The next time you find yourself questioning God’s justice, maybe what you are really questioning is God’s timeline.  God promises that the unrighteous will face punishment, and that the victims, the poor, the widows and orphans, the oppressed of this world will have their rewards, but in His time, not ours.  So the next time we think God is allowing child abuse, or bullying, or anything else on our list of injustices, lets remember that His timeline is not ours, and that Justice is itself defined by God’s will, plan, and behavior.

Yesterday, a young man from my church walked up to me, put a piece of paper over my head, and proclaimed, “Pastor Steve, you’re under arrest.”  I looked up to see the piece of paper had a musical quarter rest drawn on it.

Get it?  “Under A Rest”.

I told him, “there’s nothing like a good pun.  And that was nothing like a good pun.”  We laughed and off he went to find another victim.

I truly love puns.  Pun Wars have been a part of my father’s family for a very long time.  I share them with my kids, much to their dismay.  Some call puns “groaners”, and I think I know why.

“Groaning” is not a very fun word.  Groaning means we are in pain, whether physically or otherwise.  Groaning can describe us hearing a bad pun or rocking on the floor with a life-threateningly painful injury.  But seldom if ever have I heard “groaning” used as a pleasant or even good term.

Paul says that sin is causing the ultimate groaning.  In v. 22 all of creation is groaning under the weight of the world’s sin.  In v. 23, it is we who are groaning as we await our redemption.  In v. 26, the Holy Spirit of God groans it’s intercession for us.  And all of this pain, this groaning, is the result of sin, of our disobedience to God’s will, of our constant act of putting ourselves ahead of God.

But the good news comes to us at the end.  In the midst of this groaning and pain, we still cling to the Truth that we are more than conquerors through Jesus Christ because He loves us in spite of this sin.  Sin has consequences, but being unacceptable to God is NOT one of them.

What was your name for your father growing up?  For us, he was daddy, but I’ve heard titles from bampa to father, from pops to sir.  We all have names for our father or father figure – seldom do I meet anyone who called him by his actual name except as a phase in high school.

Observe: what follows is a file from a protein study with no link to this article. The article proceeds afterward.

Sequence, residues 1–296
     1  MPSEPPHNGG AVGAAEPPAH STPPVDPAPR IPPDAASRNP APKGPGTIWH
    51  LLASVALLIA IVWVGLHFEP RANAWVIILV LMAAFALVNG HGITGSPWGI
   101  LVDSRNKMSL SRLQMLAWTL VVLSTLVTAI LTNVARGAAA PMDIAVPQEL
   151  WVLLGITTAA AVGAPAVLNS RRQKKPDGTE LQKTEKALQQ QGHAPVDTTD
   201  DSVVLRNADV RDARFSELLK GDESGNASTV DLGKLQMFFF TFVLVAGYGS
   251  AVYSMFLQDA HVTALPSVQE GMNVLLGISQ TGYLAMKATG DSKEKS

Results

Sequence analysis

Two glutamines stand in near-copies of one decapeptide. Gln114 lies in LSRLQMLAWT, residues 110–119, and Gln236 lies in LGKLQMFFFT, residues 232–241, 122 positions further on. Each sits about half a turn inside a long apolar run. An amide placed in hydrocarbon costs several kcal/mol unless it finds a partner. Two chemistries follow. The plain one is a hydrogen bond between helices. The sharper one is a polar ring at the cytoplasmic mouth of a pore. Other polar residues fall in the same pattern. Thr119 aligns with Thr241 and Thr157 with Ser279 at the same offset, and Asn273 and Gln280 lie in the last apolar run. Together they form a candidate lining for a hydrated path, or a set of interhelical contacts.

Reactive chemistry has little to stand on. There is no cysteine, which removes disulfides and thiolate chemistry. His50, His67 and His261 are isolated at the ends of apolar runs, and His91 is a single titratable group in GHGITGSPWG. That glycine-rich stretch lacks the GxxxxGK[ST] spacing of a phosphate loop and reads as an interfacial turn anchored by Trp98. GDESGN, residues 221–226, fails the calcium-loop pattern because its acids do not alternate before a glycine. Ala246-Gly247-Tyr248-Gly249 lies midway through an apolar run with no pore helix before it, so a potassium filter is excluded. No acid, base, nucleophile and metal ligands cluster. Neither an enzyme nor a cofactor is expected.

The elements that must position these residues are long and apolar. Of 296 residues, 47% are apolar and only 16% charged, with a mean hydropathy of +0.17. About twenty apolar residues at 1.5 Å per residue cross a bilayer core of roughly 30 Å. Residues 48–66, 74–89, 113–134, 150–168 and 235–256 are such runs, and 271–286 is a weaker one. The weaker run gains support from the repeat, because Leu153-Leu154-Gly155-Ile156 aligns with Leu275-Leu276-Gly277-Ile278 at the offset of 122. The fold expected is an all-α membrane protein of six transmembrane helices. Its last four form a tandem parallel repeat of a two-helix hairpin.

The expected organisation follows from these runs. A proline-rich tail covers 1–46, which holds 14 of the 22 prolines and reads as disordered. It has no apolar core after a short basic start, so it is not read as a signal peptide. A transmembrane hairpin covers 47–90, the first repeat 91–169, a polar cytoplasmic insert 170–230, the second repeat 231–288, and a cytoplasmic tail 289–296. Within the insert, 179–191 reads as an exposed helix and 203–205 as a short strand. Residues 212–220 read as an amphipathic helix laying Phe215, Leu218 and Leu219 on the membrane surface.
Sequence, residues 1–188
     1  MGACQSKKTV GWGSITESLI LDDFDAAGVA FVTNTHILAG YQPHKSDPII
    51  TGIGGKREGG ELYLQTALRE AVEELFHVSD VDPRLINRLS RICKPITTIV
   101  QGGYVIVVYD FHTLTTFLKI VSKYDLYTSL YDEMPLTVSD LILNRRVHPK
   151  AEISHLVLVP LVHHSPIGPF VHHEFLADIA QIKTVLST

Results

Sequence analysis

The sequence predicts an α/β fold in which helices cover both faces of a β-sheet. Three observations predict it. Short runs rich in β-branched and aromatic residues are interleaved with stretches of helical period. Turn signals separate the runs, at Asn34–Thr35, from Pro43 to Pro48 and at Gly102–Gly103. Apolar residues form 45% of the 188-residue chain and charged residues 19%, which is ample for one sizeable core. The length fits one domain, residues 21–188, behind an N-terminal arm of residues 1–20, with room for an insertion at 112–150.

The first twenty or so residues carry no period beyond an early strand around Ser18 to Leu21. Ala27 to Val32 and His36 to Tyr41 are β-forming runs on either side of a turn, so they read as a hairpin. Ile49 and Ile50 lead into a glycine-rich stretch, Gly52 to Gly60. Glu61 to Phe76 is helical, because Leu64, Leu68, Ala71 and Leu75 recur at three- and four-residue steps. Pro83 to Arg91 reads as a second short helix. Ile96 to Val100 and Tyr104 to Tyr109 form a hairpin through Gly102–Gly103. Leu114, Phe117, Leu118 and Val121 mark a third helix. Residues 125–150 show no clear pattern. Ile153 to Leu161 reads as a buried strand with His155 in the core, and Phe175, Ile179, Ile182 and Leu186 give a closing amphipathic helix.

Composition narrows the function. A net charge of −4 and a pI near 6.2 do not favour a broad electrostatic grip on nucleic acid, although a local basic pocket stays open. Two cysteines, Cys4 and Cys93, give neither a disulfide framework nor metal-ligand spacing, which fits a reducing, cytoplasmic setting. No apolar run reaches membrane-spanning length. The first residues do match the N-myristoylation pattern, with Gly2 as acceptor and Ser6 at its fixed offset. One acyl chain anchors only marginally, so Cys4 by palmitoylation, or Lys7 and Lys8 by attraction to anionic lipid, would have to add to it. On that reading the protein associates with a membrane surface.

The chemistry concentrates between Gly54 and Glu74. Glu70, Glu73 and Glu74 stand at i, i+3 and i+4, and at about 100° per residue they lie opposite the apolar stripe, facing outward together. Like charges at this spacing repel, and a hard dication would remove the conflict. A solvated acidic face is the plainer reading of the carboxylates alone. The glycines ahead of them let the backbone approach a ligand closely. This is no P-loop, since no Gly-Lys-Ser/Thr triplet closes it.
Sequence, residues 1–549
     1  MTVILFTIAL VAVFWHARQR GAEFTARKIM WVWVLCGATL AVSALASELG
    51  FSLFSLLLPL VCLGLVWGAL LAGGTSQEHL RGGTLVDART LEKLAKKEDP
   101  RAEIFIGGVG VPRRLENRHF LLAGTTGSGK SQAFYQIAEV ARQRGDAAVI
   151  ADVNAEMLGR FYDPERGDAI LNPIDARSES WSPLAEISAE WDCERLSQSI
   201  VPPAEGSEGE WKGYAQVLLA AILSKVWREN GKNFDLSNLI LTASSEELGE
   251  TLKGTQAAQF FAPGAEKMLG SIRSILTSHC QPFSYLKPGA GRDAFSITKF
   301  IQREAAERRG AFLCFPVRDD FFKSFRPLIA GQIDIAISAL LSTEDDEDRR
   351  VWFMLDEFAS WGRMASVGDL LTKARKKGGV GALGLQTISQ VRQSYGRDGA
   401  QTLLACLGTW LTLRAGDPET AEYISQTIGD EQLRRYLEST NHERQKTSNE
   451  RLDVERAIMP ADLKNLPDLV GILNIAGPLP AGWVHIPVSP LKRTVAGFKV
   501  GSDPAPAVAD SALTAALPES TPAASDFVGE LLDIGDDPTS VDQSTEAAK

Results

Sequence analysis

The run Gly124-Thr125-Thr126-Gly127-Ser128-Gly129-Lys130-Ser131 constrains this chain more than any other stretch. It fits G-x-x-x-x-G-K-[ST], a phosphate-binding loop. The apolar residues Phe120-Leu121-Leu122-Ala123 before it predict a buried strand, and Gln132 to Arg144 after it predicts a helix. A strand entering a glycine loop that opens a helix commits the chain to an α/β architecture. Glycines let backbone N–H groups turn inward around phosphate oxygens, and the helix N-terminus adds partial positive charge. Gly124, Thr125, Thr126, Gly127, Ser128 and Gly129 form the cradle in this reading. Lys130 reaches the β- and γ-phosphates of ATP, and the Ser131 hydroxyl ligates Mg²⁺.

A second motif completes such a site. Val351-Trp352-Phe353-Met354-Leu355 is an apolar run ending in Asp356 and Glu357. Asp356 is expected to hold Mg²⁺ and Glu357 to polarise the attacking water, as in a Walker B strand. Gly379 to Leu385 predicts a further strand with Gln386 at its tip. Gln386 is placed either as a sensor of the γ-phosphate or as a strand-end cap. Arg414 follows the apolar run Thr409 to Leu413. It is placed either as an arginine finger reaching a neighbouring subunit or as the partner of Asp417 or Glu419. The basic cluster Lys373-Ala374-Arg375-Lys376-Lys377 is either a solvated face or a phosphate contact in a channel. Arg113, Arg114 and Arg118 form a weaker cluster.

Jesus used, and Paul then picked up, a beautiful phrase for His Heavenly Father – Abba.  There have been many interpretations of this word, and the most common translation is “daddy”.  It’s a term of endearment from a young son to his respectable father.

Jesus’ use of this for God was shocking, even sacrilegious, to His critics.  It was far too familiar a word to be used for the Almighty, the Creator, the focus of their lives.  This kind of intimacy was heresy, and so this became one more reason for them to condemn Him in the end.

The word Abba, however, was far worse than this.  This is not the word a boy uses for his father.  Let me explain.

As infants, we have just begun using our vocal chords and moving our mouths to produce sounds.  So try something with me – let your mouth hang open and vocalize – you should hear something like a sustained “ahhh” coming from your mouth.  Now, like an infant who has just learned to close and open his mouth, keep the vocalization and open and close your mouth a few times.  Now you begin to get “Bah, ba, ba, ba, ba”.  If you use your tongue as well you might get, “da da da da”.  This is how we invented the honorific “dada” as an infants word for her father.  In the Middle East, rather than a “da” they heard a “ba” and we got the word “Abba”.

All of this is to say that Abba is not the word a young boy uses for his father, but is the word a helpless infant uses.  If we use the term Abba for our Heavenly Father, we are proclaiming ourselves as helpless infants in His sight – and truly that is what we are in spiritual terms.

Let me encourage you to use the term “Abba” in your prayers this week.  Just see how the title fits, and how it feels to admit your helplessness to God.

I still remember vividly and fondly the sermon preached at my Ordination Service in 1999.  We sat in Green Lake, WI and listened as Rev. Willie Jemison, one of the first black pastors in the Covenant, told us what it was like to be a slave.  Having someone who felt that experience as part of their heritage rather than just a historical fact made it more poignant for our class.  And his point was this: slaves have no rights, no choice, and no options.  They obey their master, whomever that master may be.  And every time I read the word “slave” in scripture, I think of this moment.

Today, Paul calls us “slaves to sin”.  We have no rights to tell sin we won’t obey.  As slaves to sin, we do what our master – sin- tells us to do.  “For what I want to do I do not do, but what I hate I do,” Paul says in description of a life lived as a slave to sin.  And if ever there were a description of the culture around us, this is it.  We are a culture of slaves to sin.  We cannot avoid sin even if we want to – this is called addiction.  And it’s gotten so bad, we do not even want to avoid most sins anymore.  We lie, we gossip, we exclude, we live for our own pleasure and comfort and safety, and we seldom stop to realize that our very lifestyle is proof that we are slaves to sin.